Mama Kardashian is getting her own talk show.
Technically, Kris Jenner is getting a six-week tryout as a daytime host this summer.
NewsCorp.’s Fox TV stations division — and its syndication operation, Twentieth Television — said that Jenner would get a test run on select Fox-owned TV stations, of which Washington’s WTTG is one (although the station’s not saying whether it’s among those selected).
“Kris” will be pop-culture-driven, delivering to viewers a “daily jolt of celebrity guests, fashion and beauty trends, plus a mix of lifestyle topics,” Twentieth Television said Monday, clarifying that “Kris” would not be a political talk show, as you might have thought.
Jenner would be the second Kardashian Klan member with a job at the corporation; daughter Khloe is “The X Factor” “Ko-host” best known for reading her cue cards as if she’s taking the eye exam at the DMV. “How Does It Feel?” is her trademark question on the Simon Cowell-created singing competition — in fact, it’s her only question.
The “Kris” announcement was made the same day that Twentieth TV announced it had renewed its syndicated celebrity newsmag “Dish Nation,” but the company’s lips are still sealed as to the fate of its Ricki Lake talker, which has been the subject of “to be plowed under” speculation.
Twentieth TV exec VP Stephen Brown said Monday that he thinks Jenner’s show will complement the operation’s Wendy Williams and “Bethenny” Frankel talk shows — both of which also started as six-week test runs.
PBS member station WNET has secured rights to the oft-delayed J.D. Salinger bio-doc, which will air as the 200th episode of PBS’s “American Masters” series, debuting next January.
“ ‘American Masters’ covers the finest artists this country has produced, from Ernest Hemingway to John Lennon, F. Scott Fitzgerald and Woody Allen. Salinger is an American master, and I wanted to see him in the company of those artists,” the project’s director, Shane Salerno, told the Web site Deadline.com Monday.
It’s one of few “American Master” projects not generated in-house, and Salerno retains full ownership of the film.
An earlier version of the project was finished years ago, but it never aired because the reclusive Salinger died, after which some of his friends and colleagues who’d turned down interview requests changed their minds about going forward, Deadline explained.
Susan Lacy of “American Masters,” now billed as an exec producer, said it is her “intellectual and emotional thrill” to snag the movie about the enigmatic author for her franchise’s 200th broadcast.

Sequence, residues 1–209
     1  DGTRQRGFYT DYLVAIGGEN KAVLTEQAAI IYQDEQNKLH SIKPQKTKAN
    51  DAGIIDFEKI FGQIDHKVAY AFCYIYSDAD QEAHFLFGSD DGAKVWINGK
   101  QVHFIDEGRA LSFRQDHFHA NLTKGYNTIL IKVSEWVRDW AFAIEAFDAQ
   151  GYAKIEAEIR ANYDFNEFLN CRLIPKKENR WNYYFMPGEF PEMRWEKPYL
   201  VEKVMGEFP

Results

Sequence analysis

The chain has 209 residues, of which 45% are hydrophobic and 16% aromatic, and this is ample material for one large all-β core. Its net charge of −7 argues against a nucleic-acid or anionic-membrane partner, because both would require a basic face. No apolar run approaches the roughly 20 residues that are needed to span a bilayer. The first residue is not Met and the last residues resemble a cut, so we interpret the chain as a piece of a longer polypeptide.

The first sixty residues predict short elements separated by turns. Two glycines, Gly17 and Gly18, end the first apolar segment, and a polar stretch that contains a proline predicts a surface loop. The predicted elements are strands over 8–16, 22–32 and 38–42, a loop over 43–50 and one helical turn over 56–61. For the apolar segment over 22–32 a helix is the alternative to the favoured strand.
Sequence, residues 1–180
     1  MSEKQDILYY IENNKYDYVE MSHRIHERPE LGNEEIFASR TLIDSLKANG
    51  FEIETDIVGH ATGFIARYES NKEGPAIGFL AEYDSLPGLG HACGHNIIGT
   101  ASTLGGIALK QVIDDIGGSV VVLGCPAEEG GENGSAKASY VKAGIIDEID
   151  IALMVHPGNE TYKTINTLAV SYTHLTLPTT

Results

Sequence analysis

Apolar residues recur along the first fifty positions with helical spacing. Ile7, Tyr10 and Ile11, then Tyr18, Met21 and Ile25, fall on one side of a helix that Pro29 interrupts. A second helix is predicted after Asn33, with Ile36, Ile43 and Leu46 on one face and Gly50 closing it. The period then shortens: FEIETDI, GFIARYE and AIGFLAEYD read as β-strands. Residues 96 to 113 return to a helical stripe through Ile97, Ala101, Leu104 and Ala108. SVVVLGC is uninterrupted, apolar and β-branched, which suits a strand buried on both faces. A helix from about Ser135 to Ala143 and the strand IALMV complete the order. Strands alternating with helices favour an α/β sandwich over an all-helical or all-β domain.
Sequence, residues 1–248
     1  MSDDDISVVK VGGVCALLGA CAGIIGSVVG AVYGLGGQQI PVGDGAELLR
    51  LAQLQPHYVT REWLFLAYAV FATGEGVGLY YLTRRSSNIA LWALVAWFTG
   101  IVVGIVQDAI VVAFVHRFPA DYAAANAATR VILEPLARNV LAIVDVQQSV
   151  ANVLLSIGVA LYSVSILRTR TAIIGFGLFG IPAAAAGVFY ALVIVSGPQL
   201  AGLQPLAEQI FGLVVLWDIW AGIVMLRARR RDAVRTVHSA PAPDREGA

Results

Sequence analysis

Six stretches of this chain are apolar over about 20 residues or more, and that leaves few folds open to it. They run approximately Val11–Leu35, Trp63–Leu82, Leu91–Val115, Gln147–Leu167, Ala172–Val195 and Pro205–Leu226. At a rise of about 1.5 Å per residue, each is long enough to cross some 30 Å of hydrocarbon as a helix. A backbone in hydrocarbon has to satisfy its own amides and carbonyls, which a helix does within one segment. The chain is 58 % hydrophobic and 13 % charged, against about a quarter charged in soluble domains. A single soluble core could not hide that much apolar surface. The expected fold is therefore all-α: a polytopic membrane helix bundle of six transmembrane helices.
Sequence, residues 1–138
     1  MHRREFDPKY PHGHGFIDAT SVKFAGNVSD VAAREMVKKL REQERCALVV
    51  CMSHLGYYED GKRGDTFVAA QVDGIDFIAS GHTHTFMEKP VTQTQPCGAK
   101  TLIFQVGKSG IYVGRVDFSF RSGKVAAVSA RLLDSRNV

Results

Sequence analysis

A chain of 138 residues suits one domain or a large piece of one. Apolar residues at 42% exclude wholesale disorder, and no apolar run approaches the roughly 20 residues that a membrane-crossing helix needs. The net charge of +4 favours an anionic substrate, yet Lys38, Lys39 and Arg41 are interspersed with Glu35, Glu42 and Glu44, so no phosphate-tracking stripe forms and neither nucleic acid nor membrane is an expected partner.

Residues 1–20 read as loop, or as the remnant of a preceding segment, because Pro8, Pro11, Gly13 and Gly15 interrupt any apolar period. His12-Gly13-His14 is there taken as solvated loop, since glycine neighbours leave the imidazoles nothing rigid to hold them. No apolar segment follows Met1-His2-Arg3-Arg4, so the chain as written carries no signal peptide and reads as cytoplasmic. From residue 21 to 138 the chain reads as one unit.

And by “low grade fever,” they mean “chicken pox.”
Barbara Walters, turns out, has the chicken pox, Whoopi Goldberg announced Monday morning on Babs’s daytime talker “The View.”
Walters has been MIA from the show for days. Last week, Goldberg told viewers that owing to “a low-grade fever,” Babs was being kept in the hospital. Babs was hospitalized after she hit her head on the steps of the British Embassy in Washington during an inaugural party.
Since then, ABC has learned that doctors have diagnosed Babs’s elevated temperature as a case of chicken pox.
“You all know that she fell and cut her head 10 days ago, and then was running a temperature, but it turns out it is all the result of a delayed childhood,” Whoopi said.
“She’d never had [chicken pox] as a child. So now she’s been told to rest, she’s not allowed any visitors — and we’re telling you, Barbara, no scratching!” Whoopi added.
Babs transferred to a New York hospital late last week, ABC said Monday.
“I’m really sorry that I blamed it on Grey Goose vodka the other day,” “The View” colleague Joy Behar said of Babs’s step stumble, adding: “This is what you get for interviewing Honey Boo Boo.”
Joyful Heart Foundation, which was founded by “Law & Order: SVU” star Mariska Hargitay to aid sexual-abuse victims, has disassociated itself from the show’s decision to employ convicted rapist Mike Tyson as a guest star.
“First and foremost, I want to say, ‘We hear you,’ “ foundation CEO Maile Zambuto said on the group’s Web site. “We acknowledge and recognize that this casting decision may be confusing, triggering and perhaps even painful for some people — especially those who are survivors of violence and abuse.”
While acknowledging the foundation “would not exist if not for the show” — and that in recent years the foundation has partnered with “SVU” on various campaigns — “it is not a part of any formal relationship,” Zambuto said.
“We were not aware of this casting choice and we have formally expressed our concerns to the executives and producers at ‘SVU,’ ” continued Zambuto, adding: “We are deeply sorry if this choice on the part of ‘SVU’ has, in any way, caused any hurt.”
That’s an odd choice of words, given the clearly “hurt” comments attached to some of the nearly 6,300 signatures — including some by sexual-abuse survivors and fans of the show — on a Change.org-sponsored petition to try to persuade NBC and “L&Q:SVU” to reconsider the casting.
To read previous columns by Lisa de Moraes, go to washingtonpost.com/